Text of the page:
“What we’re trying to do is not to impose these quality distinctions that reinforce existing inequalities, but to lift everyone to that acceptable standard level, and acknowledge the labor that goes into that work — meeting people where they are,” Chu told me.

Furthermore, Chu repeatedly emphasized that this system places the onus on the professor to clearly specify their expectations, which she believes can be especially helpful to students from disadvantaged backgrounds.

“There’s all this literature about the ‘hidden curriculum,’ which means the intuitive ways of ‘doing school,’ that people who come from more advantaged socioeconomic backgrounds will pick up, because they go to schools that are more well-resourced,” Chu said. “[Labor-based grading] encourages the instructor to be transparent; what does Acceptable mean? People who may not be able to intuit that will have it actually spelled out, and know what it takes to make the Acceptable level.”

Since an Acceptable is as good as an Exceeds Expectations in terms of cumulative class grade, some might say that this system pushes students to “settle” for an Acceptable rather than working to their highest “Exceeds Expectations” potential. Personally, though, I feel the Hogwarts system encourages one to try as hard as possible to ensure one meets the threshold for an Acceptable; getting an Exceeds Expectations (which Chu gives relatively rarely) is nice but ultimately incidental.

“To the extent that you can still get an A [in the class] without doing exceptional work, maybe that would affect how much people work at the margins,” said Michael Kuehlwein, professor of economics at Pomona, speaking about how such a system would affect student incentives. “But if you want to be sure that you get an A, you would probably try to get above the bar so you can get an E. As long as the standards are high, I don’t think there would be any problem there; I think the incentives would be fine.”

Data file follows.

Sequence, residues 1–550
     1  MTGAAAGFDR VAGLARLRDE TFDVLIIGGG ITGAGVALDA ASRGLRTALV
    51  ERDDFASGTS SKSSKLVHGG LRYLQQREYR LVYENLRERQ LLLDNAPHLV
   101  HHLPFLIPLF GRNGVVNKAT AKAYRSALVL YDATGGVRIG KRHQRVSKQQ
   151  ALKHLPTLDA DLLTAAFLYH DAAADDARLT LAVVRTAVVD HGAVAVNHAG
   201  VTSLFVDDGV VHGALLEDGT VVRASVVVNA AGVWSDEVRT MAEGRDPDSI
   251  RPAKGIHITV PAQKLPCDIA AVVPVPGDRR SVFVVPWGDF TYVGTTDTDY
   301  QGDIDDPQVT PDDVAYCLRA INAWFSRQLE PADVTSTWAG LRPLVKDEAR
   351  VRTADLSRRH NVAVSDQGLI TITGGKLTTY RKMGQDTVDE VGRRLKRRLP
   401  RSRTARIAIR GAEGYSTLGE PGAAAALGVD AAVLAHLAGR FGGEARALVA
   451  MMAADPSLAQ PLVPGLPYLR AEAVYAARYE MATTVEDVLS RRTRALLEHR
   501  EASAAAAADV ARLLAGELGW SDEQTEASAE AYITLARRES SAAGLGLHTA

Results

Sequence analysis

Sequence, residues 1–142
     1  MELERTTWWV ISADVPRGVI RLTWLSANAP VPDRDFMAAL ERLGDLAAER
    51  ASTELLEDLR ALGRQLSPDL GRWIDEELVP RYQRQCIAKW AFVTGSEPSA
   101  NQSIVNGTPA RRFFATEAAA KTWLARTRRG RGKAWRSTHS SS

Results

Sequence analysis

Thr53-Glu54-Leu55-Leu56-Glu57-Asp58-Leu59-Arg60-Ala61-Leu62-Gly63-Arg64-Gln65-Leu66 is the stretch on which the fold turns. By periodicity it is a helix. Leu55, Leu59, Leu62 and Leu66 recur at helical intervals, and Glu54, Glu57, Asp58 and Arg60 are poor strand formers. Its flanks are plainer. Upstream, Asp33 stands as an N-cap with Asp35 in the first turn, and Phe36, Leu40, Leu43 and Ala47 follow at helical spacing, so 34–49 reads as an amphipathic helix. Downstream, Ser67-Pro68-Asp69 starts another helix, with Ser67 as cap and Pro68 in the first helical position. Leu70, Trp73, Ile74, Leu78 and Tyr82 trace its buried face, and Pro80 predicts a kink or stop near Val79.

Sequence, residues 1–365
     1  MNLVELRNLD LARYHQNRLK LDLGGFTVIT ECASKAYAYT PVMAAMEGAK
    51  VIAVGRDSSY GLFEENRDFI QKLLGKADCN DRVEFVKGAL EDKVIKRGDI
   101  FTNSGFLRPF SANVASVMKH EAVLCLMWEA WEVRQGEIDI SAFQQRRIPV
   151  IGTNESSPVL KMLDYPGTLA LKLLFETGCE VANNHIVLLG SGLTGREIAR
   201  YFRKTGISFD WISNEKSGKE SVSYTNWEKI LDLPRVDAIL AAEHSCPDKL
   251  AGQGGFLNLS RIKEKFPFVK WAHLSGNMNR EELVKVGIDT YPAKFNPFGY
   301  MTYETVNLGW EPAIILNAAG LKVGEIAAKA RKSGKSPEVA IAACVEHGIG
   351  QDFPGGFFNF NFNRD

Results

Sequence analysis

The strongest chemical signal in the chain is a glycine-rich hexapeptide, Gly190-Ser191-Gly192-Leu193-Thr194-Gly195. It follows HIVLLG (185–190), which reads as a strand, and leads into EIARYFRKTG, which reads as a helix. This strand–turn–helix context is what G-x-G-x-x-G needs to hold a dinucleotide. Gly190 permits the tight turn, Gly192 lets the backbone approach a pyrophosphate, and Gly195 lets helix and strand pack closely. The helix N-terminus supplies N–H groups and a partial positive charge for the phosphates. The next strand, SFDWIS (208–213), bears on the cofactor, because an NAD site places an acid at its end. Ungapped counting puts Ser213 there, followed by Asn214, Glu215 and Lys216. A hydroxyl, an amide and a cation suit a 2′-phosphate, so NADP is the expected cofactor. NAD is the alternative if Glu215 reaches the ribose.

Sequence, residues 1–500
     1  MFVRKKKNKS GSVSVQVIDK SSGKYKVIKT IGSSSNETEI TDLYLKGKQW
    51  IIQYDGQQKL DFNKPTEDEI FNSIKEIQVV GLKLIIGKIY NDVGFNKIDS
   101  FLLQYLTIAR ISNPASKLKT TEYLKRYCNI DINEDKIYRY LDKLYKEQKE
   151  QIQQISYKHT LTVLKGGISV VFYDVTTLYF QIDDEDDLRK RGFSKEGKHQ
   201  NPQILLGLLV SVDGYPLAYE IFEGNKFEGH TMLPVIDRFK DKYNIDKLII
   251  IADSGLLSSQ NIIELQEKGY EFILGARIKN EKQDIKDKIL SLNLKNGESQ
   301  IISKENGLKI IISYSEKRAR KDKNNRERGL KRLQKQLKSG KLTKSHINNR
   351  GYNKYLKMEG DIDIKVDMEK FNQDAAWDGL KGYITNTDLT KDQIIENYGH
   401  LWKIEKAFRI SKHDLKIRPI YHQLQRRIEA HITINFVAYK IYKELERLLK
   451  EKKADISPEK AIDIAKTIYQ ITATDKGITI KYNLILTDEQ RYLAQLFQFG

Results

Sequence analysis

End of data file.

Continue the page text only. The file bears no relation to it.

A survey of my Global Environmental Histories class found an overwhelmingly positive reception for the Hogwarts grading system, with an average score of nine on a scale of one to 10 (10 being most favorable). All respondents said they would prefer that the class use the Hogwarts grading system over the regular system, and two-thirds said the Hogwarts grading system had increased their participation and effort in the class (the rest said it had no effect).

In the end, any grading system is only as good as the professor using it, and the Hogwarts system works in tandem with the great efforts Chu takes to encourage everyone to participate in her class. There are some classes that might not be as well-suited to a Hogwarts grading system, like math and science classes where most assignments consist of solving problems, as there is less leeway in grading and the ability to solve problems correctly is ultimately paramount (in Chu’s Global Environmental Histories, practically all assignments are writing-based). 

Still, labor-based grading certainly merits further experimentation, and the current conditions of distance learning provide the perfect opportunity to mix things up. 

Ben Reicher PO ’22 is from Agoura Hills, California. He joined his high school newspaper in ninth grade because he loved to argue, and hasn’t stopped since.